Within this symbiotic relationship the Skyscrapers were trapped in a cruel trick of evolution. They could only respond to the majority collective vote. They were forced to follow the status quo.
He couldn’t blame the residents for not listening to his ideas; after all he was only a third floor resident. Unlike the Mayor, who subsisted in the entire top floor penthouse. Any wonder he didn’t want change. His food rations were proportional to the size of his apartment.
Darwin’s parents had once lived in the penthouse, but they saw the starvation coming and the more they voiced their opinions the further down the skyscraper they seemed to fall. After his parents passed away, Darwin continued his parent’s fight, his subversive views causing him to plummet down the Skyscraper to the very lowest floors.
A sharp cracking noise forced Darwin to turn his attention out of the window. The Skyscraper he had been watching earlier pitching forward into the dry earth. As its face hit the ground shards of stone and rubble shattered into the air. The noise was like an explosion and enough to rattle the windows of Darwin’s apartment. A bloom of dust and smoke soon completely engulfed the Skyscraper as its body continued to crumple into the ground.
A wave of dust billowed into the air and a red cloud replaced the blue sky. Darwin walked over to the window with his mouth ajar. All of those people. He thought. Probably as many as eight hundred residents and they would all be dead. The residents needed the Skyscrapers as much as the Skyscrapers needed the residents. When the dust finally cleared there was only a pile of debris.
A tear ran down Darwin’s cheek. He knew that it was just a matter of time before the Skyscraper he lived in died too. What was wrong with the residents? How could they be so blind?
Darwin refilled his drink and stared at the rubble of the recently fallen Skyscraper. His head filled with images of his parents desperate pleas to the other residents. His eloquent Mother being shouted down by the ignorant mob. His proud father trying to quiet the crowd. That was the day they had been evicted from the penthouse. He remembered his mother carefully unpacking her beautiful dinner plates and exhibiting them on the cabinet he still had in his small living room. It was one of the only possessions he still had of his parents and several times he had come close to selling it just to feed himself. But instead he went hungry. He looked at the plates and thought how lucky he was to not sell them. The food would long ago have been eaten and he would now have nothing.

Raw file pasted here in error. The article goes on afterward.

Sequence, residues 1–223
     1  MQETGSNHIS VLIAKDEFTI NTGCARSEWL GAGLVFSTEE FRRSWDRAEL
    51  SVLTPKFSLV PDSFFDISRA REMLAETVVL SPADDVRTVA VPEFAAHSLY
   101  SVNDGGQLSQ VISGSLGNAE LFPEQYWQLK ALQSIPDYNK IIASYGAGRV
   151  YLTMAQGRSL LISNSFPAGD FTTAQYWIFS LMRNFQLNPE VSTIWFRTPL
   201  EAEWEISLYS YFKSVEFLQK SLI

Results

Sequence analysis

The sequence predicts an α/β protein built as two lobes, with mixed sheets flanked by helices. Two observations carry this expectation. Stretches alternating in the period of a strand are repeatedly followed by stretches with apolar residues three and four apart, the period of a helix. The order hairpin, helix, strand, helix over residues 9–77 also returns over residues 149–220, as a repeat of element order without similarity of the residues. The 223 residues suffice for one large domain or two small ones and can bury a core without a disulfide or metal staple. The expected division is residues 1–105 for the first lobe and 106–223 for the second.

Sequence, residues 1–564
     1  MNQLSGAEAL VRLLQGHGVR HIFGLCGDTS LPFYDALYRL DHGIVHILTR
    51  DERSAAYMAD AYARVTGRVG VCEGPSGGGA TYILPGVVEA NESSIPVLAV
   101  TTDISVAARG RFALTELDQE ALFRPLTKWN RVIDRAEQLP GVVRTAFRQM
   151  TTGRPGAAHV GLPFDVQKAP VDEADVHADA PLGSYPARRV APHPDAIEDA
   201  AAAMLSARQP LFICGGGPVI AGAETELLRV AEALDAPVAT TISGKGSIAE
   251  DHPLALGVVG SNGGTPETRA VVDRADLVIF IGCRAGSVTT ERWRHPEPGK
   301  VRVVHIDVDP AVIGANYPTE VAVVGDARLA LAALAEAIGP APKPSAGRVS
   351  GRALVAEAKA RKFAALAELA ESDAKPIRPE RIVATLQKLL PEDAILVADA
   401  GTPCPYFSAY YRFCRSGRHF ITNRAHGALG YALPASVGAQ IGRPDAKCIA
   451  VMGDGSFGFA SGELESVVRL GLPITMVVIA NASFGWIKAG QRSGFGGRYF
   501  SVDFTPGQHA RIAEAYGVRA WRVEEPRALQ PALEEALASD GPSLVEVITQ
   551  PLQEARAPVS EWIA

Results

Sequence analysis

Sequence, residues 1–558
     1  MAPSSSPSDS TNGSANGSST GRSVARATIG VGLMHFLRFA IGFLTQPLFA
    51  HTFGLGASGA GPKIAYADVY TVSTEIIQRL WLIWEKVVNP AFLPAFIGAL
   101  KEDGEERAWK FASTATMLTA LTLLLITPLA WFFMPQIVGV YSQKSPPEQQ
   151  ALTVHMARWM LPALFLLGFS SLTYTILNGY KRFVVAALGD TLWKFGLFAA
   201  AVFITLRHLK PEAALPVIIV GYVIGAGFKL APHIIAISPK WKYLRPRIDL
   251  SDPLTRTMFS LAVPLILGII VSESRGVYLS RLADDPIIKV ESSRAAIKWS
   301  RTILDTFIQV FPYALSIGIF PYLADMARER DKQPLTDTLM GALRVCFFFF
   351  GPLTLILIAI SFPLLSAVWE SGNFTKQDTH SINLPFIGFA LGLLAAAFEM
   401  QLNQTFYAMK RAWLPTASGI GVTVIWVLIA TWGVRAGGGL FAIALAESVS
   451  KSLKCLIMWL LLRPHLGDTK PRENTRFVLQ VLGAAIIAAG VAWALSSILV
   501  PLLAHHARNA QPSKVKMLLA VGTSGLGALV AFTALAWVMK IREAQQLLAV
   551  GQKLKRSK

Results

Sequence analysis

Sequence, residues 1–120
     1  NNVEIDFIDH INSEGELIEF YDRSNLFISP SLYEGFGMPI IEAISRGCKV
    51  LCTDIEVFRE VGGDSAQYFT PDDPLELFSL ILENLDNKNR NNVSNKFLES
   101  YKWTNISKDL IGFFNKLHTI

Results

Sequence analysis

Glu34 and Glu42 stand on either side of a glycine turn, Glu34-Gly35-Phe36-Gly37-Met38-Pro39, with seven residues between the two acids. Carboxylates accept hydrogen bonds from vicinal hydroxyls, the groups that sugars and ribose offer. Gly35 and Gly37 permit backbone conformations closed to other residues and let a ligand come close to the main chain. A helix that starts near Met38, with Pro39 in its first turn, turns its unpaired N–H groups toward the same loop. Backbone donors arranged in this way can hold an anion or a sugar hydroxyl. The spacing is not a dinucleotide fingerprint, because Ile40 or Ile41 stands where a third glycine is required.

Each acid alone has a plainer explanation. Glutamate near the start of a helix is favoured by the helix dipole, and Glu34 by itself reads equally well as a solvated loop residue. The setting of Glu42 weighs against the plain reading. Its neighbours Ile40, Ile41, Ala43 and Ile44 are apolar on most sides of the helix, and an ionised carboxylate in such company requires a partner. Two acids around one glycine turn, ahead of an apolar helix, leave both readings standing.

Darwin had emptied the best part of a whole bottle when there was a loud knock at the door. The only time he had knocks at the door seemed to be when he was being relocated to another floor. After his insistence that they leave the valley he presumed that he was about to be moved down to the second floor. He didn’t mind so much, he had become quite accustomed to the smaller rooms of the lower levels. Each floor having slightly smaller apartments than those on the floor above.
Again, there was a loud wrap on the door.
“OK, OK.” He said as he stood to answer the door. He staggered a little as he made his way to the door and steadied himself for a second to clear his head.
As Darwin opened the door the Mayor nearly fell into his apartment trying to knock on a door that was no longer there.
“Mayor Lynch! I do apologize. Come in, come in.” Darwin stammered to the Mayor, who was already in.
While Darwin fussed about trying to pull up a chair for the Mayor, the Mayor took in his apartment in one quick glance and grimaced.